The blogosphere has been buzzing with reaction to a BBC Arabic programme – some have called it a hit piece– politicising the funding of Elad, the organisation responsible for developing the archaeological site of ‘Ir David’, the city of Jerusalem in King David’s time. ‘Ir David’ has been built over by the ‘Palestinian’ village of Silwan. Accusing Elad of evicting Palestinians from their homes, the BBC paints a partial picture of ‘Jewish settlers stealing Palestinian land and property’. The reverse is true. This blog has documentedthe fact, conveniently omitted by the BBC, that Silwan
( formerly Kfar Shiloah) once had a population, at its height, of 200 Yemenite Jewish families, but these were forced out by Arab violence in the 1930s. David Collier uncovers some surprising nuggets:
This photo from 1865 shows that the area now known as Silwan was mainly empty space.
Not long ago, the ‘Arab village of Silwan’ was a tiny settlement on the eastern ridge of a hill on the outskirts of the old city of Jerusalem. Building on the western ridge – in the ‘City of David’ began in the 1880s when Jews began buying land there. This image, showing all the empty space is from 1865:
A new village, Kfar Hashiloach was formed, Jewish land purchase increased and in 1910 the Jewish community were FORCED to purchase more land – by the then head of the Arab village of Silwan. Don’t be so surprised – Jews were already paying the village protection money so that their burial sites would not be vandalised.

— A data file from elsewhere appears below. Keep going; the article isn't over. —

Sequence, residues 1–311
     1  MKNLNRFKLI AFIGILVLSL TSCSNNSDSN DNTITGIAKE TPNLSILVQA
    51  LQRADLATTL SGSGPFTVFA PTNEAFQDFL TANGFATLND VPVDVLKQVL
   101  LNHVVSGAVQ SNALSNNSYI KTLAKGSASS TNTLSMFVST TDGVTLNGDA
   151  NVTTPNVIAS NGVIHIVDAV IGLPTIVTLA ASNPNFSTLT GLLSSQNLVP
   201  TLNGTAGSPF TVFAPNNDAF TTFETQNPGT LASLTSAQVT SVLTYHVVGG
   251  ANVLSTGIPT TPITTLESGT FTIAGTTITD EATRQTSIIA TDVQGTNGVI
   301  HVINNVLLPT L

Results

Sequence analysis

In pre-Israel days, Jewish protection was often provided by local Arabs ‘at a cost’.
Much of the land purchased by Jews was stolen when Jews were forced out in the 1930s due to ongoing Arab violence. Arab families simply moved in to the vacated Jewish property.
Obviously between 1949 and 1967, when Jordan had control, the Jewish presence was obliterated completely. When Israel recaptured the land in 1967 it came complete with a new population.When Jews began to repopulate some of their old property – such as a local synagogue – they had rocks thrown at them by local residents.